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How to slow down and get the most out of everything you do



Fr. Michael Rennier - published on 11/12/17

This wisdom from a 16th-century priest is especially relevant today.

Sometimes I look at my calendar and shudder. It’s full of overlapping appointments and double bookings. My heart-rate goes up just glancing at it, but life goes on and the schedule remains full whether I like it or not. It’s very easy to claim that as we approach the holiday season we need to slow down, spend time in silence and prayer, and make time for leisure. We would all love to be able to do that and, sure, we could probably improve some by making different choices about how we use our time. But we still can’t quit our jobs, stop taking our children to soccer practice, quit doing the laundry and grocery shopping, and go off to a monastery (or Bermuda) on a permanent retreat.

I’m a priest, and it may surprise you to learn that we often fall into over-scheduling and being so busy that we don’t have quality time for prayer. St. Charles Borromeo, who was a bishop in 16th-century Italy, describes the complaints he was hearing about it: “Another priest complains that as soon as he comes into church … a thousand thoughts fill his mind and distract him from God.”

If even priests can’t escape the black hole of busyness, what hope is there? How can we slow down and appreciate each moment before it flies by?

Charles has good, realistic advice, which I appreciate because it doesn’t rely on simply cutting away at your calendar. The basic idea is fairly simple: As you prepare for each day, think about what you are doing, why you are doing it, and about every part of your day as a spiritual activity. Meditation, says Charles, is how we “see” with our hearts, and the more we thoughtfully live in each moment, the more benefits we receive.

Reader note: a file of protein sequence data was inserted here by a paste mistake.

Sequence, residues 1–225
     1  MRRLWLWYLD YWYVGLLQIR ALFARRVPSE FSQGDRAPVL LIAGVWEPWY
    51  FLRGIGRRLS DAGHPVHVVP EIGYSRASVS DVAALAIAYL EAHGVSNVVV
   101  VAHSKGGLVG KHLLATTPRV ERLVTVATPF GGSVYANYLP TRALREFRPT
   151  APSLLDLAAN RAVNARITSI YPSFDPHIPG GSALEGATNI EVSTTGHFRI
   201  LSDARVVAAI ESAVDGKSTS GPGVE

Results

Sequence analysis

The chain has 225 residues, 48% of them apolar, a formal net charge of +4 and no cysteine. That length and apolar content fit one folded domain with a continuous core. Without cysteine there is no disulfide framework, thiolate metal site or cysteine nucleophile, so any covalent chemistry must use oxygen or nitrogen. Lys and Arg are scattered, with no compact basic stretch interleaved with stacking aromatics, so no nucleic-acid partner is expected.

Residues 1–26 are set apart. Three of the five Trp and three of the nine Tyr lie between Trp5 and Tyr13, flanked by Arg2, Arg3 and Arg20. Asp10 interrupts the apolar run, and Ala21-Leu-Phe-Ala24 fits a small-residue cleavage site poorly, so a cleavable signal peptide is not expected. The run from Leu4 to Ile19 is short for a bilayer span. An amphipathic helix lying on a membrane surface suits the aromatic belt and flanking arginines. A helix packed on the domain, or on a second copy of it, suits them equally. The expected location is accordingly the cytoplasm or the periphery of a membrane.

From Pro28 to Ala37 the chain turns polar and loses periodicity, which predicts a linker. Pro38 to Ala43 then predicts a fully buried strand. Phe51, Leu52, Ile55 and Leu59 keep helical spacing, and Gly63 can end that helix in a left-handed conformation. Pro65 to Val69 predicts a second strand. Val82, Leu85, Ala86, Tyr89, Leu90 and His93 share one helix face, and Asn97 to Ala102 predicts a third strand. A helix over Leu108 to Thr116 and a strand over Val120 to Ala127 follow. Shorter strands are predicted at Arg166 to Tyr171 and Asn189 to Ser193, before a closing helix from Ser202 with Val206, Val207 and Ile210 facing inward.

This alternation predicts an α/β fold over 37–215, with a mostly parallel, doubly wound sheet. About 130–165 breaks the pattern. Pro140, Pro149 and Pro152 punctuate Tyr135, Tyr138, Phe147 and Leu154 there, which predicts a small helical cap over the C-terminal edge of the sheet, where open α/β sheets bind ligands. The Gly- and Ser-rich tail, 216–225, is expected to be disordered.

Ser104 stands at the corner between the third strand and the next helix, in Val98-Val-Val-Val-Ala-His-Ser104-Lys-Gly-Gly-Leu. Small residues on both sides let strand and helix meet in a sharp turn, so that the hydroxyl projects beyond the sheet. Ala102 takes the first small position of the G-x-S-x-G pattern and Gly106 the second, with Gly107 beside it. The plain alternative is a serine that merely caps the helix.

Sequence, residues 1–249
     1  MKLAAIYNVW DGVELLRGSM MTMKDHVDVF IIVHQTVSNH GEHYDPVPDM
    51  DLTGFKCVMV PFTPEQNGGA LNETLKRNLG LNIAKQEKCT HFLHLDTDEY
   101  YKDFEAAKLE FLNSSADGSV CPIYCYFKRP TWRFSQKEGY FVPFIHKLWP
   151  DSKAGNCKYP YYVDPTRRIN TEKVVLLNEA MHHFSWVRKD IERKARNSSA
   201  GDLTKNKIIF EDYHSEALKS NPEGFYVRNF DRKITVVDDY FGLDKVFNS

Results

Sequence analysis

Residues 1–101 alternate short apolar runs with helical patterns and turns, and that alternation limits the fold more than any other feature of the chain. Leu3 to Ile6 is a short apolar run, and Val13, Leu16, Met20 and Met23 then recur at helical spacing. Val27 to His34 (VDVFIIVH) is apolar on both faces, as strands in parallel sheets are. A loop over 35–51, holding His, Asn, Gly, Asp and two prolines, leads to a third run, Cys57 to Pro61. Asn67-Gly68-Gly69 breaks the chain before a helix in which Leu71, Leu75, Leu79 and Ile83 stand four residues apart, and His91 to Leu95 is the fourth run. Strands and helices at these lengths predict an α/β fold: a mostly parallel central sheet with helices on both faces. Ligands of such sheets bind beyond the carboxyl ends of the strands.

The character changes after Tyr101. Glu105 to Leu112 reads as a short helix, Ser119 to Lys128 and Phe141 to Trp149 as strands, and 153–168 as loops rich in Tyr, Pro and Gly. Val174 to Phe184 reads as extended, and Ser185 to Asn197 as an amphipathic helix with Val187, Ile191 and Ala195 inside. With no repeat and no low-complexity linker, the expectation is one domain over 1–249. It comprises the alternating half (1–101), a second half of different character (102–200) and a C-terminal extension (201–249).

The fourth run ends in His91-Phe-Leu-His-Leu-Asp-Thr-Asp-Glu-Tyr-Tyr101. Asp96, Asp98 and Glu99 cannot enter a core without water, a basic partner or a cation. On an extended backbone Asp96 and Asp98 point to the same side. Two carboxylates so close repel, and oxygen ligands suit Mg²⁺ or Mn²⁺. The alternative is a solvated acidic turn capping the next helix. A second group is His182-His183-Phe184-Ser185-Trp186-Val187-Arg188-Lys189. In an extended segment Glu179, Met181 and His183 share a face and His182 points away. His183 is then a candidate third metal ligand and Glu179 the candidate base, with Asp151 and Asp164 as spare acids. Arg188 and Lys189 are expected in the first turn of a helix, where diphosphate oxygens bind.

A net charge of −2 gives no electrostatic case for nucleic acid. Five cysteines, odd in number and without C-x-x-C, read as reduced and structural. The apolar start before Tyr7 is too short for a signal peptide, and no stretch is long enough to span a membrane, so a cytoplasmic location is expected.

Here is some of his practical advice for making meditation a part of daily life.

Spend part of each day in quiet

This may seem like an impossibility because we’ve already admitted that we don’t have extra time in our regular schedule. Charles is aware of this, though, and says that although spending time in a quiet church is ideal, there are plenty of other options. Anyone “may make his meditation at home or in the fields; he may even make it on the road, or at work …” We all have time in the morning when we’re getting ready or in the car during a commute; maybe that would be a good time to turn the television or radio off and have some quiet to think about the day? Charles says that any time given to meditation is better than none, so don’t feel like the time you have available isn’t enough to get started.

Plan ahead

If our schedules rule our lives, we may as well turn that to our advantage. Make a deliberate effort to put meditation time on the calendar. Charles recommends the morning if possible because it helps throughout the whole day. If the time you typically use to commute is suddenly earmarked as “quiet time,” it can be just the little bit of motivation that’s needed. The other benefit of scheduling time for meditation is that it forces us to do it when we don’t feel like it because we’re stressed or distracted – which is precisely the best time for it.

Don’t leave any part of your life out

Meditation might involve reading a spiritual book, praying a Rosary, or the like, but it doesn’t have to be overtly religious. Charles encourages us to consider each activity we have planned for the day whether it be work, a hobby, or hanging with family and friends. Take time to think about what you do and why you do it. He lists a few benefits of doing so: “The advantages of meditation consist not only, nor indeed so much, in dwelling seriously on divine truths as in exciting the affections, in praying, and resolving: These are the three fruits of meditation.”

What he means by this is that meditation can help with your prayer life, but it also helps you emotionally and in forming wise decisions. He also mentions that it can help form a “good resolution.” For me, this has been particularly true when I know I’m going to be in the presence of someone I find hard to get along with. I meditate on it in the morning and prepare myself ahead of time to be kind and patient. Otherwise, the moment takes me by surprise and I fall into bad habits.

By practicing his advice, St. Charles Borromeo says, every aspect of our lives becomes a “work of love.” This is true no matter how busy our calendar remains. You don’t need to cut parts of your life away. Instead slow down, practice mindfulness, and see how beautiful each moment of life can be.

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